As we celebrate 10 years of the Zurich Flood Resilience Alliance, we talk with David Nash, Head of Adapting to Climate Change at Z Zurich Foundation about the Alliance’s successes so far, and Practical Action’s role in it.
For supporters who aren’t familiar with the Alliance, can you explain what it is?
The Zurich Flood Resilience Alliance is a partnership of nine organisations, including Practical Action. We work together to support vulnerable communities around the world in building their resilience to flooding.
What is the secret of the Alliance’s success?
Building a successful partnership relies on two things: a shared purpose, and trust. The Alliance came together around the aim that no-one, wherever they are in the world, would be negatively affected by floods. Our willingness to learn from each other and contribute to a collective goal is the foundation of the trust between us. In my role in the Z Zurich Foundation, it’s not always easy to accommodate nine different organisations, but this willingness means we seek solutions and compromises that work for us all. By coming together, we create more than the sum of our parts.
What does Practical Action bring specifically to the mix?
Practical Action is one of several partners in the Alliance that work directly with communities. One of their greatest strengths is the deep knowledge and experience they have of developing early warning systems. This is particularly evident in their successes in Nepal and Peru. However, this is only part of Practical Action’s contribution. They have also been instrumental in developing the way learnings from across all the Alliance’s work are collated and shared with the wider world, so the benefits impact many more people than we could ever work with directly.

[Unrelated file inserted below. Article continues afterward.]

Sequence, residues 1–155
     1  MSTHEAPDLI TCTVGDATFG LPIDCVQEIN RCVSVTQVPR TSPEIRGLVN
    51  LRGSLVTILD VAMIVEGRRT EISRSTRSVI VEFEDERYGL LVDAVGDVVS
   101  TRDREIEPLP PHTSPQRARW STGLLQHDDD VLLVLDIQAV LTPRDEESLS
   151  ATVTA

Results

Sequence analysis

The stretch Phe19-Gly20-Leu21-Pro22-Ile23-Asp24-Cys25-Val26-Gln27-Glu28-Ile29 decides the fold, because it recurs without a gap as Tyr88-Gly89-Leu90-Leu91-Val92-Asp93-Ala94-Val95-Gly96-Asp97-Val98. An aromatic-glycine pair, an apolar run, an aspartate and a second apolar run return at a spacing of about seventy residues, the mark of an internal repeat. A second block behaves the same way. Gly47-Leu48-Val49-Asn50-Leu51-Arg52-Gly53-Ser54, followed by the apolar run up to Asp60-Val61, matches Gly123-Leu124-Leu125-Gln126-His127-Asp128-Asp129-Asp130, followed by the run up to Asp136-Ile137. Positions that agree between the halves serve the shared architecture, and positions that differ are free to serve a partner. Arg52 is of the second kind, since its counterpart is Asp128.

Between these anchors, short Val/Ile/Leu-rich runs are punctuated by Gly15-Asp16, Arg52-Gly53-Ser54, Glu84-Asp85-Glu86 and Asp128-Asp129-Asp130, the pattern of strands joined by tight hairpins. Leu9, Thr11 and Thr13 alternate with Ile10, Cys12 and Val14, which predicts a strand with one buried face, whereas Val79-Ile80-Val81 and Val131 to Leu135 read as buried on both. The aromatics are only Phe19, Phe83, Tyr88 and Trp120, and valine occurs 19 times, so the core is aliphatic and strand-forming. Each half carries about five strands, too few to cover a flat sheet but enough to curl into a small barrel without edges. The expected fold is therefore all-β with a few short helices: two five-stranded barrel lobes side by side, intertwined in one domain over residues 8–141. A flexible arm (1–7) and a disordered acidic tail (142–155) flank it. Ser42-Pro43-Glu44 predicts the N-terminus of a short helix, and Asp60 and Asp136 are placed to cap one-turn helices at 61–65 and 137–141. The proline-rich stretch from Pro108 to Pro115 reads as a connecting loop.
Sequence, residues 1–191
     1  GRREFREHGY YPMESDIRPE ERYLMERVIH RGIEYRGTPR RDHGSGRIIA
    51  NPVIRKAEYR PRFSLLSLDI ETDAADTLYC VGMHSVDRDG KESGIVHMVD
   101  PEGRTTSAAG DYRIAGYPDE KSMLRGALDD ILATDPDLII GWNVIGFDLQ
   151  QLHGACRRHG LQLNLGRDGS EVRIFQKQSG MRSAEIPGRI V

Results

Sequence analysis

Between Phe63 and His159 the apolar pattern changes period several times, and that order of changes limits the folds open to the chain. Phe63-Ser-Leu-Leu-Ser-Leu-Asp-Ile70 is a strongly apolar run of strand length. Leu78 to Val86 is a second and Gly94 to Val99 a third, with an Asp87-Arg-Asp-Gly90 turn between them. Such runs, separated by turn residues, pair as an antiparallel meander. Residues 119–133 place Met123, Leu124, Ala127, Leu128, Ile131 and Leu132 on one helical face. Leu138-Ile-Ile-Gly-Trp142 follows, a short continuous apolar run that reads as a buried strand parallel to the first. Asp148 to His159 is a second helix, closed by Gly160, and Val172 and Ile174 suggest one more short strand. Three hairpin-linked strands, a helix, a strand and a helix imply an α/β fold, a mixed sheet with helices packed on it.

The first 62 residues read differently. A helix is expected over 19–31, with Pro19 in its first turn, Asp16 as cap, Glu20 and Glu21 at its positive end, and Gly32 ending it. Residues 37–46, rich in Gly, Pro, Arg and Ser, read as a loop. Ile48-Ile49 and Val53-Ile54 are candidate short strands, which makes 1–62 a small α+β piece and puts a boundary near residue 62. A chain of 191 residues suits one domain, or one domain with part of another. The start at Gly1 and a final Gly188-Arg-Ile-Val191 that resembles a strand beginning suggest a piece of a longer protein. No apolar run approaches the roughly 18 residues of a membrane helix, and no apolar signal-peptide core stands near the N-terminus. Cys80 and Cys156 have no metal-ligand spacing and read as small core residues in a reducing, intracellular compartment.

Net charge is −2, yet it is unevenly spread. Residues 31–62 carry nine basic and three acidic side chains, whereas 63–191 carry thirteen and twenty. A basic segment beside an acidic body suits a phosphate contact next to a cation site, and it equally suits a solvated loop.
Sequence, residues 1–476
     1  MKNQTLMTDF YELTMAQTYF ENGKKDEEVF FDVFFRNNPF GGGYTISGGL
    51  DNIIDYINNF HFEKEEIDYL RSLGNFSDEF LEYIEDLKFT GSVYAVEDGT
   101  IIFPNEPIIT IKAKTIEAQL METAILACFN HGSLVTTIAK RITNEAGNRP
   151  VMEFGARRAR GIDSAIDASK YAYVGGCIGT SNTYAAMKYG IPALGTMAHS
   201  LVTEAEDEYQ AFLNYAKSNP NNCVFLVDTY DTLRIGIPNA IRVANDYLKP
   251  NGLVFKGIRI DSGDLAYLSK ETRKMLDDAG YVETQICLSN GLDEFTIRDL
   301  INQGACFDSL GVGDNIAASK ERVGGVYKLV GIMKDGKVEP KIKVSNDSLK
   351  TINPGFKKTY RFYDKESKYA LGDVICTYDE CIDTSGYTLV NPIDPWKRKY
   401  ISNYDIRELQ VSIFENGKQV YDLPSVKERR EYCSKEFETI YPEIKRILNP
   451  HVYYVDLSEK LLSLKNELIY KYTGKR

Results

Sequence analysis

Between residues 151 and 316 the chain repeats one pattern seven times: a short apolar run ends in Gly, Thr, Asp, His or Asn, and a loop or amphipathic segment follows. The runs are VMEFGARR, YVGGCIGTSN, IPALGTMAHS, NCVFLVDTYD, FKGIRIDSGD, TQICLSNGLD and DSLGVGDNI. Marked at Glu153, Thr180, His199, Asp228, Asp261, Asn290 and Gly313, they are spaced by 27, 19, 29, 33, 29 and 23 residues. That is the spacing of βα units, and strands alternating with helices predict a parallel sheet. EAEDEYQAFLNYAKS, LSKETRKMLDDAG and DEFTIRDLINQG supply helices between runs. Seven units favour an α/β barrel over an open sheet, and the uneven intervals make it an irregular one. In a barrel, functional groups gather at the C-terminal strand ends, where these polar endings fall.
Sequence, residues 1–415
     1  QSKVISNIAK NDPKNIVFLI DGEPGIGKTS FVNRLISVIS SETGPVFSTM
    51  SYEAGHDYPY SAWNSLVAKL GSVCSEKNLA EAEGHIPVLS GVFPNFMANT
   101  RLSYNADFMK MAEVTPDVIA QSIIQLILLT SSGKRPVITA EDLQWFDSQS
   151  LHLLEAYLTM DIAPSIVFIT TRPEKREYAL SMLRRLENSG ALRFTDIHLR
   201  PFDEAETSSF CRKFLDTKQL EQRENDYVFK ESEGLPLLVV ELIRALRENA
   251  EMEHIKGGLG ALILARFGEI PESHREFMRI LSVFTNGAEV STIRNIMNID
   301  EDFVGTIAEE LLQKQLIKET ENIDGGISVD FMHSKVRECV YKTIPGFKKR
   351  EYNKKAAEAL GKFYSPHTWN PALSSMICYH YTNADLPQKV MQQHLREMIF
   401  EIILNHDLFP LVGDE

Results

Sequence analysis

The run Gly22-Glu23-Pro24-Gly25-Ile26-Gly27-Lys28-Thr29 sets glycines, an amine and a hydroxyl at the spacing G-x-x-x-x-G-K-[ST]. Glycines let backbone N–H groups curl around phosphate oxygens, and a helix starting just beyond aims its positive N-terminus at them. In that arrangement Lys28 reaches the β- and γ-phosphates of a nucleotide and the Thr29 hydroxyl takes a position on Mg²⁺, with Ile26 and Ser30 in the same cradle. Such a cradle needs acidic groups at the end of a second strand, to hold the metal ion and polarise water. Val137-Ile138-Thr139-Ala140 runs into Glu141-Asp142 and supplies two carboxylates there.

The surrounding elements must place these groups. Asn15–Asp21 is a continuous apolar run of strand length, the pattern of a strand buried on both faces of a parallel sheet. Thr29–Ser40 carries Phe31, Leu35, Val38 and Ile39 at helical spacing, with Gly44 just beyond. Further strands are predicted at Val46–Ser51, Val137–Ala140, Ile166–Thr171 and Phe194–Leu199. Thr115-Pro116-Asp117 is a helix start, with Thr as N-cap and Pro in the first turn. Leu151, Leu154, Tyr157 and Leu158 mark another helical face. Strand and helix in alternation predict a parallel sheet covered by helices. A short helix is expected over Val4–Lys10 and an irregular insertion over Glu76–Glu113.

In the ten years since the Alliance began, what have been its most important successes?
Together, we’ve helped around 1.1 million people improve their lives. One clear example of this has been in Peru. We’ve developed a new and improved approach to early warning systems centred around community-gathered data. This approach has been so successful that the local weather service has adopted it in their own nationwide approaches to early warning systems. Following this, Practical Action helped encourage the government of Peru to invest significantly in flood resilience. Already, 457,000 people in Peru are benefitting from the early warning systems. The new investment is expected to improve the lives of over 9.3 million people.
Looking forward, what are the Alliance’s ambitions and goals for the future?
The next stage of working together is, in part, inspired by our work in Peru – this idea of influencing wider systems, to scale our impact. Our plan is to expand the number of people we are working with massively over the next 12 years and create a real step-change in global resilience. The plan is ambitious, but built on a very solid foundation.
What’s the most important thing you’d like Practical Action supporters to know about the Alliance?
The key thing to remember about the Alliance is that it embodies the idea that we can achieve more together than we ever can alone. The spirit of collaboration is a very human trait and one that has helped humans be successful over millennia – and it is one that helps us aim high. In that spirit, I want to say a big thank you to Practical Action supporters for helping make this work possible. You are an essential part of the Alliance!
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